||"A historical political resource."
Ballots not adding up for Brady; Republicans grim
|Last Edited||COSDem Nov 03, 2010 05:58pm|
|News Date||Wednesday, November 3, 2010 11:00:00 PM UTC0:0|
|Description||eading Republicans this afternoon are privately expressing doubts that Bill Brady can overcome Democratic Gov. Pat Quinn's narrow lead following Tuesday's election, and a Tribune survey of election officials likewise indicates there may not be enough ballots left uncounted to make a difference. |
Brady and his supporters this morning held out hope that tens of thousands of absentee ballots yet to be counted, along with other stragglers, could help him make up Quinn's 8,300-vote lead.
"Do we recognize the reality of coming up with 8,000 votes as an uphill climb? Of course we do. But nobody's ready to throw in the towel," said Brien Sheahan, the lead counsel for the state Republican Party.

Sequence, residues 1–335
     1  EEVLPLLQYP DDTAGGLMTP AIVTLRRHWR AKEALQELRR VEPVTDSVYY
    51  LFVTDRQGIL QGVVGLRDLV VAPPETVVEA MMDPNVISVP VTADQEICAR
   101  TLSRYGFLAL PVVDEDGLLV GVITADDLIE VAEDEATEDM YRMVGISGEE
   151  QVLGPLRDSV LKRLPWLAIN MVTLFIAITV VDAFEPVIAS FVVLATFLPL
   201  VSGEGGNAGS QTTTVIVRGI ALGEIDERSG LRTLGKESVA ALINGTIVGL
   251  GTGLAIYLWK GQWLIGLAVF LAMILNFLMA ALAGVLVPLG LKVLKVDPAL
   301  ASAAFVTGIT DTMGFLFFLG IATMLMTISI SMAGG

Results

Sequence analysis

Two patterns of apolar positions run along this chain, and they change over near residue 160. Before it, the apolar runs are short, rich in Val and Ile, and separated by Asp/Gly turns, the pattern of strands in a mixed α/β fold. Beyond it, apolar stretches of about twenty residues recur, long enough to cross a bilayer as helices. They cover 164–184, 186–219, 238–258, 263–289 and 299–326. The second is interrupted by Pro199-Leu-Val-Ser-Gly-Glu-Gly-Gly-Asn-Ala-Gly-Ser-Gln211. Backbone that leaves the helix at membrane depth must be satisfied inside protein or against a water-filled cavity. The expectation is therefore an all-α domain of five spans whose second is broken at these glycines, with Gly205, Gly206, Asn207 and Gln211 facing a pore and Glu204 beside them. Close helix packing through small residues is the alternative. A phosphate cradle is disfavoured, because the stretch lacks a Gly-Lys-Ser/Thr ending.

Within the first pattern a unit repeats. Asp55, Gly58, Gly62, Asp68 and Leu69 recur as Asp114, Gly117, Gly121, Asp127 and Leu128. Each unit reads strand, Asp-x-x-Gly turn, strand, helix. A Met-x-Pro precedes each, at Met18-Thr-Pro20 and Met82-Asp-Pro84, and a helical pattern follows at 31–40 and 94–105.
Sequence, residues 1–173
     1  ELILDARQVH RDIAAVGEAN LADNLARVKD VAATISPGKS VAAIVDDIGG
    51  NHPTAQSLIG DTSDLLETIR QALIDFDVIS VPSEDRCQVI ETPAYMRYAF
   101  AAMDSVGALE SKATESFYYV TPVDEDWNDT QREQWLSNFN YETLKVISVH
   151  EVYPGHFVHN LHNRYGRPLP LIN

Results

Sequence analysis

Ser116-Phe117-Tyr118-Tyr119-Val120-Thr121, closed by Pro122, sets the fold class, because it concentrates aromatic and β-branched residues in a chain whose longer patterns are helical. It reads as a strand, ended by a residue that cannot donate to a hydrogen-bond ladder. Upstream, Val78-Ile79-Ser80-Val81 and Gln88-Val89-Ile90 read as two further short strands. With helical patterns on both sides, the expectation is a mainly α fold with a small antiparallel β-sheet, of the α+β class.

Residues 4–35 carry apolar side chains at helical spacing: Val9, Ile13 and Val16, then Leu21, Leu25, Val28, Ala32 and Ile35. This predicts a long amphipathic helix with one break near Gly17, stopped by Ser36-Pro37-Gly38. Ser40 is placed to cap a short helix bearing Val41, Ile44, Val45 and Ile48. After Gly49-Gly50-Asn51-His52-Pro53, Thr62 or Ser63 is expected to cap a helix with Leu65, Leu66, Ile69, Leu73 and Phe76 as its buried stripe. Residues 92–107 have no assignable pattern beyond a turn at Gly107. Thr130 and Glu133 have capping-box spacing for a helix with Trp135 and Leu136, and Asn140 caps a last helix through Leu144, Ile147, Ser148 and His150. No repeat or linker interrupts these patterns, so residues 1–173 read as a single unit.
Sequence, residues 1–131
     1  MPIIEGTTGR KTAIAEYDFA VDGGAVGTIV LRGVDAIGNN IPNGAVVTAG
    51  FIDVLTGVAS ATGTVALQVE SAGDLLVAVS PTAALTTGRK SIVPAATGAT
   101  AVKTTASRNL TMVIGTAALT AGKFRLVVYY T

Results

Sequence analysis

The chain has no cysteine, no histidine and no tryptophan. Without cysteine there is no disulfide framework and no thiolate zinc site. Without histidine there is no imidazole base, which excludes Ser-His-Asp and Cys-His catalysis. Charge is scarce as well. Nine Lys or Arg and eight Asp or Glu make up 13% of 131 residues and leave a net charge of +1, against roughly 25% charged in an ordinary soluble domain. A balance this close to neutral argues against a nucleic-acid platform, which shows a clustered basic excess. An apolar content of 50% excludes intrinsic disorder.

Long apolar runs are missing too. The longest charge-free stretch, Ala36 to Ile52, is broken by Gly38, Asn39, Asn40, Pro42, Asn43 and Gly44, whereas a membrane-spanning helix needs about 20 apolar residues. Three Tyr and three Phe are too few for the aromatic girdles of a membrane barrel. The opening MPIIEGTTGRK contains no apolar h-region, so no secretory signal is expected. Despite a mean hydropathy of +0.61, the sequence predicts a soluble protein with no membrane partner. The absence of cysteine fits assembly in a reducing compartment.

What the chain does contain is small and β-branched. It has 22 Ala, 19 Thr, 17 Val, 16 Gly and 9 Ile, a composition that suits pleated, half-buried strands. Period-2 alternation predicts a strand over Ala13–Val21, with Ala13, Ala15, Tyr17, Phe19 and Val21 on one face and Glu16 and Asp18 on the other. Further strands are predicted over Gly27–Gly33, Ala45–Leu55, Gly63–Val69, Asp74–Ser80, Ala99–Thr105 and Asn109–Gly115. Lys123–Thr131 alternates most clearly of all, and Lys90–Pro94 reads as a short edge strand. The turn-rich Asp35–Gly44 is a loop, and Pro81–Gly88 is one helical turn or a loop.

But as the day wore on, a survey of election officials in about three dozen of the state’s most populous counties indicated the real number of votes left to be counted is much smaller. And most of those outstanding votes will come from areas where Democrat Quinn did better than Republican Brady.
There are about 14,000 absentee ballots waiting to be counted in Cook County and Chicago, but those are expected to be lean heavily to Quinn. There were less than 150 absentee ballots waiting to be counted in the other populous counties surveyed by the Tribune, including DuPage, Will, Lake, Kendall, Kane, Madison, St. Clair and Brady's home county of McLean.